Thursday, March 4, 2021
Top 5 Consequences to Bad Posture
By Dr. Damon Soraya
Published February 26, 2009

We all live in a society where a huge emphasis is on looks. But one of the keys ways to maintain your looks that we often never think about is good posture. Remember, when your grandmother told you to stand correct. You might not have realized it then, but she was right. Let's face it, most people don't stand or sit up straight.

I can recall one day while having lunch with a colleague that every time he would eat, he hunched over. I asked him why he leans towards his food when eating and he replied, "out of habit." I thought to myself poor posture can lead to other serious problems. In fact, just because you think you sit or stand straight doesn't necessarily mean you have good posture.


Along with many others, I strongly believe that prevention and awareness is the best care for health-related problems. One of the easiest and most logical ways to prevent bad posture habits is to think about the consequences.

1. Tension Headaches–Sitting hunched over at your job, most commonly caused by your hands reaching for the keyboard when typing on your computer leads to your shoulders and head slumping forward. This posture tightens the muscles in your neck, upper back and shoulders. After awhile, the tightness causes nerve irritations and muscle spasms which restrict proper flow of blood to the back of your head. This leads to tension headaches.

2. Diminished Breathing–Poor posture can lead to severe kyphosis (hunched back) causing the torso collapse leading to breathing difficulties. Rounded shoulders and overly bent or imbalanced spine restrict the expansion of the rib cage, which restricts the rise and fall of the breathing diaphragm. Reduced rib and spinal mobility will affect the normal breathing movement. If the diaphragm can't rise, it won't be able to draw in as much oxygen during inhalation.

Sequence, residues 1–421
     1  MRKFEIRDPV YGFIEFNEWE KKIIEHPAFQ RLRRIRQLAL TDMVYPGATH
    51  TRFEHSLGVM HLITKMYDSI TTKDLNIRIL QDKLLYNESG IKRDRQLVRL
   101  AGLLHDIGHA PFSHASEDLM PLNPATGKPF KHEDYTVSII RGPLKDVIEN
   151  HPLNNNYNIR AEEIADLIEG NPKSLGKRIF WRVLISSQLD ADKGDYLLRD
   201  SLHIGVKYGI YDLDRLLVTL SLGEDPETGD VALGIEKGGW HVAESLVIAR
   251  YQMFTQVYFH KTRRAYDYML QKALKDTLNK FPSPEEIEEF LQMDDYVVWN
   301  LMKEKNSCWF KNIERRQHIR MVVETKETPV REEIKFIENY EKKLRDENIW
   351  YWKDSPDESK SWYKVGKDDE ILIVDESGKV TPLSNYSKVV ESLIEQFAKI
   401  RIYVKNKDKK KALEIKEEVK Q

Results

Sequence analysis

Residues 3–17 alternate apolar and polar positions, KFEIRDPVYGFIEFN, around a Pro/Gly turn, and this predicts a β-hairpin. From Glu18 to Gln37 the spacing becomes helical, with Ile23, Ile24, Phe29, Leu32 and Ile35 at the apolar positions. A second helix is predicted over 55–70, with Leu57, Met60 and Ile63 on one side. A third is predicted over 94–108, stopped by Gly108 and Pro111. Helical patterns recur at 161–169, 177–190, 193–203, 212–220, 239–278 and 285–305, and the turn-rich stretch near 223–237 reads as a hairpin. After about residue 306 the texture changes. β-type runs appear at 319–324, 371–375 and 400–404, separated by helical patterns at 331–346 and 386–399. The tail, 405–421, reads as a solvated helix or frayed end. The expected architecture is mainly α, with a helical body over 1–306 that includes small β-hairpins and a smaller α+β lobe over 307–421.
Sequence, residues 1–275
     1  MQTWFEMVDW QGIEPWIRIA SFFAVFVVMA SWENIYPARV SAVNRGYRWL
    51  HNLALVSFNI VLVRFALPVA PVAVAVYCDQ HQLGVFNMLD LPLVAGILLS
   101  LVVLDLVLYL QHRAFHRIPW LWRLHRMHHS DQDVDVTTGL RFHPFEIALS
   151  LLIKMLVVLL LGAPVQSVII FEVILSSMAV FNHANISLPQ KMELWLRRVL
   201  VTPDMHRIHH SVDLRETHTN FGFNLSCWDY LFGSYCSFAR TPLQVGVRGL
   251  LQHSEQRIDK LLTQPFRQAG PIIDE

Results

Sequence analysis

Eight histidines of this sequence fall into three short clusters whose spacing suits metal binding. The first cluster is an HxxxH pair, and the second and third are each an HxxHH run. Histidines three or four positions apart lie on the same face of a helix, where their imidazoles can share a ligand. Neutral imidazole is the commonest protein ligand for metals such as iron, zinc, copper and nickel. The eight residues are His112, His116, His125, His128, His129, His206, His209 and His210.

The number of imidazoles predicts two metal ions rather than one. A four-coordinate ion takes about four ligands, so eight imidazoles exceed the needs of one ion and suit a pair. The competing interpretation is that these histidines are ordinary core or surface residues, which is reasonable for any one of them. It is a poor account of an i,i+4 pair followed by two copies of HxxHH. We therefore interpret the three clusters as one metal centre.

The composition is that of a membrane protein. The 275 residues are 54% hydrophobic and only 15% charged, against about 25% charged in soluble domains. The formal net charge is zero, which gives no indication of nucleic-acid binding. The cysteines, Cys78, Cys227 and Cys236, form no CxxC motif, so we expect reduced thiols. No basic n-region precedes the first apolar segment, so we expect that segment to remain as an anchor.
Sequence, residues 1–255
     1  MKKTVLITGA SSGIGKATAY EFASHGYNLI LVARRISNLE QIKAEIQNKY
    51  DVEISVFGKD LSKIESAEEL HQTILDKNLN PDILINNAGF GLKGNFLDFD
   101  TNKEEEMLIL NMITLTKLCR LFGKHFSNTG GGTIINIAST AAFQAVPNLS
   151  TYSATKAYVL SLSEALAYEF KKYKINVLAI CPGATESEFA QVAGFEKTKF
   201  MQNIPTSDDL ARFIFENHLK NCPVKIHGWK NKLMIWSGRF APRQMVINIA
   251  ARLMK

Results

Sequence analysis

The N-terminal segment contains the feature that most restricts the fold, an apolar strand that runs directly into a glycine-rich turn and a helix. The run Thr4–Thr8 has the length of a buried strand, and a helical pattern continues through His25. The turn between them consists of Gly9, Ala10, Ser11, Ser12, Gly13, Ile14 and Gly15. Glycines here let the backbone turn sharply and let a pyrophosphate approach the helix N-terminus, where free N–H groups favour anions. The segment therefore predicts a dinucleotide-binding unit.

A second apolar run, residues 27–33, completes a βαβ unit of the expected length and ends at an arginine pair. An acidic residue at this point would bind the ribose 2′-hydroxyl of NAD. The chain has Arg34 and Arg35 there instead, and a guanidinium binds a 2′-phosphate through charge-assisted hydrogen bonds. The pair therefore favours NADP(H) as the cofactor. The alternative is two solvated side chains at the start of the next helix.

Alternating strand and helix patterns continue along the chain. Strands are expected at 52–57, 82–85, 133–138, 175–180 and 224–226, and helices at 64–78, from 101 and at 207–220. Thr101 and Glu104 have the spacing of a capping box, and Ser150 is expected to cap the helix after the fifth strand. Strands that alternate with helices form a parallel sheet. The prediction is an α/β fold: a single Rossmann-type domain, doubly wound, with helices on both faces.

3. Fatigue–Fatigue is one of the most common causes of bad posture. Tired and tight muscles cannot support the skeleton as they are designed to do. Your muscles have to work extra hard just to hold you up if you have poor posture, leaving you without energy. Lack of adequate muscle flexibility and strength, abnormal joint motion in the spine and other body regions will lead to overall muscle fatigue.

4. Make you look older–Never underestimate the beauty and health benefits, of good posture. Often poor posture is just a bad habit that is easily corrected. Poor posture not only makes you look older, but could be the first step toward dowager's hump, double chin, potbelly, and swayback as well as some internal problems too. When a person is hunched over or not standing straight that person may be perceived as older than they actually are. Good posture is not only beneficial to your body; it also makes you look taller and slimmer. What's more, good posture can convey self-confidence, which may just be the best accessory you can have.

5. Back pain– Most common consequence of poor posture, due to muscle strain, especially lower back pain. The back muscles, ligaments & discs are under extra stress when the spine is not in proper alignment. Strong muscles help keep the spine in proper alignment and prevent back pain. Strong muscles also prevent the spine from extending beyond its normal range of motion, which is essential to protecting the ligaments and disks from injury. Visit for exercises that strengthen and stretch the muscles that support the spine and help maintain proper posture.


Dr. Soraya uses a "whole person approach." This approach to wellness means looking for the underlying causes of any disturbance or disruption (which may or may not be causing symptoms at the time) and make whatever interventions and lifestyle adjustments that would optimize the conditions for normal function.


NOTE* Dr. Damon Soraya is a board certified Chiropractor serving the Beverly Hills community. Dr. Soraya has toured the country promoting the health and well being by freeing people from pain. He is a licensed Doctor of Chiropractor, and a Member of the American Chiropractor Association. In addition, he is a volunteer for UNICEF, American Cancer Society, Cystic Fibrosis Foundation, and the Multiple Sclerosis Association of America. For more info call 877.812.0328, or visit

Categories: Health

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